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Massive job losses predicted in 2009

SummitSkills estimates there could be job losses of between 67,000 and 154,000 across the building services engineering sector in 2009.

The figures are based on research carried out by the organisation among building services engineering consultants gauging how the recession will lead to the cancellation of work in the coming year.

SummitSkills has used this data to estimate how jobs further along the supply chain will be affected.

Fifty-six BSE consultants, including small single site and large multi-site companies, took part in the research.

The research looked at five sectors - private commercial; private industrial; private housing; social housing and major public works – and asked consultants what percentage of projects were likely to be cancelled or mothballed due to the recession.

Consultants were asked for best and worst case scenarios, with private housing looking gloomiest (best case 32 per cent, worst case 55.75 per cent). Perhaps surprisingly consultants were also fairly pessimistic about major public works, which includes schools and hospitals (best case 20.4 per cent, worst case 44.2 per cent).

Work in 2009 likely to be mothballed or cancelled

 Sector  Best case  Worst case
 Private Commercial  11.62%  35.58%
 Private Industrial   30.96%  49.36%
 Private Housing   32%  55.75%
 Social Housing   10.4%  29.6%
 Major Public Works   20.4%  44.2%

SummitSkills believes the cancellation or postponement of work will force companies to make redundancies. In the worst case scenario around two fifths of heating and ventilating engineers employed in 2008 would be out of work.

Predicted job losses

 Sector   2008  Best case  Worst case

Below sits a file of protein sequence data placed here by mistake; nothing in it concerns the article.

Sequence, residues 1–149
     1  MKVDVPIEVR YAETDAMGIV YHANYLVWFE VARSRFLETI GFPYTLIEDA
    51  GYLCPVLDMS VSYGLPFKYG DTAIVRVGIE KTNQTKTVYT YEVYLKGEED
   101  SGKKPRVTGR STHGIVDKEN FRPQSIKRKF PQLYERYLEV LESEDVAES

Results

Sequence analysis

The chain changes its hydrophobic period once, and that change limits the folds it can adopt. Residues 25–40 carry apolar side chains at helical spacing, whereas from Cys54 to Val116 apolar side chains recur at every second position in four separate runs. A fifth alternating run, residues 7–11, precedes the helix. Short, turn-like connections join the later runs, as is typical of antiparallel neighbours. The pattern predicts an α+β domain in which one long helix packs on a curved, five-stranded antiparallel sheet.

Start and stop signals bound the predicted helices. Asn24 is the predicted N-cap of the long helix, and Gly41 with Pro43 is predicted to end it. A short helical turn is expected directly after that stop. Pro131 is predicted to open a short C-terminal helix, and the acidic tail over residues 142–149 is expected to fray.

Electrical Trades and Installation  196,810  35,490  82,125
 Plumbing  90,424  16,306  37,731
 Heating and Ventilation  55,645  10,034  23,222
 AC and Refrigeration  27,821  5,121  11,621

Overall, SummitSkills estimates there could be job losses of between 67,000 and 154,000 across the building services engineering sector.

Keith Marshall OBE, chief executive of SummitSkills, said: “Our estimates are based on assumptions that can be influenced by numerous variables, but it’s inevitable that businesses will be, and have already been, affected by the recession.

'Rather than doom-mongering, our emphasis is on being realistic and providing the sector with an appreciation of where consultants feel that work may be cut back. By being aware of the potential consequences, we can start to prepare contingency measures to assist BSE employers.”

As a result of this research, SummitSkills has identified four key areas to work on with its stakeholders with the aim of reducing the impact of the recession on the sector.

These four work areas will explore ways to:

1. Redeploy and maintain the training of redundant apprentices - transferring or
sharing apprentices between employers to allow them to complete their training,
preparing them for an upturn in work following the recession.

2. Support employers to develop the skills of existing workers in new market
areas – helping employers exploit emerging markets which are likely to grow (such
as microgeneration, sustainable buildings and meeting zero carbon aspirations) as
we come out of recession, by encouraging course provision and funding availability.

3. Support the education and training delivery infrastructure – exploring ways to
maintain course provision for new entrants and extending training provision to
develop existing workers’ skills.

4. Maintain the stream of new entrants in preparation for the sector coming out of
recession – looking at ways to manage the training of new entrants who are not in
employment, to prepare for an upturn in employers’ labour requirements.

 The full report can be downloaded here